Elder Abuse for Embezzlement & Moving Heir out of House
In the case of Christi Schoenbachler in Monterey County, the story seems sadly familiar, except that the District Attorney took action and prosecuted the case. Schoenbachler was convicted of felony financial elder abuse (formerly Penal Code § 368(e)), felony grand theft (Penal Code § 487(a)) and two counts of misdemeanor elder abuse (Penal Code § 368(c)). She was sentenced to two years in prison.What One Should Learn from This Article: Financial elder abuse is rarely prosecuted, but the following case facts were so bad that defendant was prosecuted. The summary here exemplifies how Penal Code § 368 is applied.
Schoenbachler then appealed her conviction, arguing there was insufficient evidence to support her conviction.
Elsie Brooks, in her seventies, was Schoenbachler’s grandmother. In 2002, while in good physical and mental health and living independently, she moved in with Schoenbachler and her mom in Monterey County. Brooks had always been generous with her money. In fact, she had earlier loaned her son $320,000 and the son defaulted on the loan. When Brooks moved in with Schoenbachler and her mom, she had sold her mobile home for a $68,000 profit, had an annuity worth $90,000 and jewelry worth $250,000. She also had social security income of about $950 per month.
When Brooks moved in, she gave Schoenbachler and her mom authority to draw checks on her bank account to handle her finances. When Brooks asked to see the bank statements, Schoenbachler and her mom would not let her.
Brooks then developed a drinking problem and checked herself into a residence treatment program. She stayed there for two months. When she returned, she discovered that Schoenbachler and her mom had, without authority, sold $200,000 to $250,000 of her jewelry and furniture and had vacated the residence they shared with Brooks. Schoenbachler and her mom then moved Brooks into a “mice-ridden, filthy” facility called Tender Loving Care. The facility also housed residents who suffered from Alzheimer’s disease and would scream throughout the night.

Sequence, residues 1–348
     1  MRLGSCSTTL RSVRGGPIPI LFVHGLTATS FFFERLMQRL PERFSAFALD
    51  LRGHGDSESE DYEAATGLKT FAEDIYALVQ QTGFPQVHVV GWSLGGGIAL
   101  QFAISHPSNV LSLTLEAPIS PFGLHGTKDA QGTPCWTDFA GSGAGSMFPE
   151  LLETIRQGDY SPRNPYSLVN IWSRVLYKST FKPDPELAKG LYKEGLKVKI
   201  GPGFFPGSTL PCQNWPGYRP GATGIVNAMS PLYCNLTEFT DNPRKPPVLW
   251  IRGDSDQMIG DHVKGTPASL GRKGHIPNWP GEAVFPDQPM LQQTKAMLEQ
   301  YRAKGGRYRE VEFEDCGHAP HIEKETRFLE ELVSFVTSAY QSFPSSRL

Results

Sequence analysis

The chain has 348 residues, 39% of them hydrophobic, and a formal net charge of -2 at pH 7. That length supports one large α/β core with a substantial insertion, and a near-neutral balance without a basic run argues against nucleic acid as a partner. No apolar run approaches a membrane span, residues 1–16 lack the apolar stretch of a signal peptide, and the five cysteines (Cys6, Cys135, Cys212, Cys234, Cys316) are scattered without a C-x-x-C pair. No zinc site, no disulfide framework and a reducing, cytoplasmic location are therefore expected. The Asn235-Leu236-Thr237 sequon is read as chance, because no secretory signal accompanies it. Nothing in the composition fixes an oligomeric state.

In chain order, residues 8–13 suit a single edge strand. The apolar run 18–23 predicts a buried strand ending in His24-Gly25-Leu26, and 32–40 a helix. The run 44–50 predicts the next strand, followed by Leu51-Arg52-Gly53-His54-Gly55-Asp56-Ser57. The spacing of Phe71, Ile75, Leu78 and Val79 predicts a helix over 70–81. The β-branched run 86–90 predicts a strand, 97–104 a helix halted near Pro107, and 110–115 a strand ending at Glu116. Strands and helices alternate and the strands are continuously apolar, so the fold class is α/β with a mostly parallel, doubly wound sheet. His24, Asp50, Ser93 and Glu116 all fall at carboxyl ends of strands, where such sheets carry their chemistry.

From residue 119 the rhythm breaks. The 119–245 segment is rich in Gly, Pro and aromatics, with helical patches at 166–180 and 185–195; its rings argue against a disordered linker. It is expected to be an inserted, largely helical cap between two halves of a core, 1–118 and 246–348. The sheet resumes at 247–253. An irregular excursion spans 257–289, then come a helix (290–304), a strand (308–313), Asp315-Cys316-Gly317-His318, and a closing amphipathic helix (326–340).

Schoenbachler then told Brooks that the only way Brooks could move from Tender Loving Care was if she agreed to liquidate her annuity. In desperation, Brooks agreed and the annuity was redeemed for $87,000. Brooks expected to receive the money for her own living expenses, but Schoenbachler and her mom kept it as their own.
Schoenbachler’s main argument was that it was improper for her to be convicted of multiple accounts when her takings were all part of a single effort. The appellate court rejected this argument, after considering many other cases with similar fact patterns raising the same argument.
For more information about embezzlement and fraud, click on the following articles:
For case summaries of selected cases our firm has handled, click here.
- Dismissal of Forgery Charges Reversed Although Defendants Impersonated No One During Scheme
- Multiple Convictions for Embezzlement (Grand Theft) from Employer Proper When Takings Distinguishable
- Court Rules Change in Petty Theft Limit Is Retroactive, Turning Certain Grand Theft Conviction into Petty Theft
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